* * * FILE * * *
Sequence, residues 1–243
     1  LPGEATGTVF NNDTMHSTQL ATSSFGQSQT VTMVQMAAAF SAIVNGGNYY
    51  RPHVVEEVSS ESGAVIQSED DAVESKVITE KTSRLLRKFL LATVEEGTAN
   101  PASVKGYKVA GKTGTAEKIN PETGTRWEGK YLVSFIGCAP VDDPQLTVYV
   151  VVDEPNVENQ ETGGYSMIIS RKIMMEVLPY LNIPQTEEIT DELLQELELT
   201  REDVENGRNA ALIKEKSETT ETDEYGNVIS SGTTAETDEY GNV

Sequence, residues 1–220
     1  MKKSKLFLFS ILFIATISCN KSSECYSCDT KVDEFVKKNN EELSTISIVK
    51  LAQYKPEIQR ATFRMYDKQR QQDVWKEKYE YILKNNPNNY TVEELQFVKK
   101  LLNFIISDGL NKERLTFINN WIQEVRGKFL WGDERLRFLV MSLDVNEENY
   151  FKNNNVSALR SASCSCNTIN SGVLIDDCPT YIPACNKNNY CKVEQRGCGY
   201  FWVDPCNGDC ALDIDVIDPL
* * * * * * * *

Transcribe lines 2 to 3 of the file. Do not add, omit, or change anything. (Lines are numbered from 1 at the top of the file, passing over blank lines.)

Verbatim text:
     1  LPGEATGTVF NNDTMHSTQL ATSSFGQSQT VTMVQMAAAF SAIVNGGNYY
    51  RPHVVEEVSS ESGAVIQSED DAVESKVITE KTSRLLRKFL LATVEEGTAN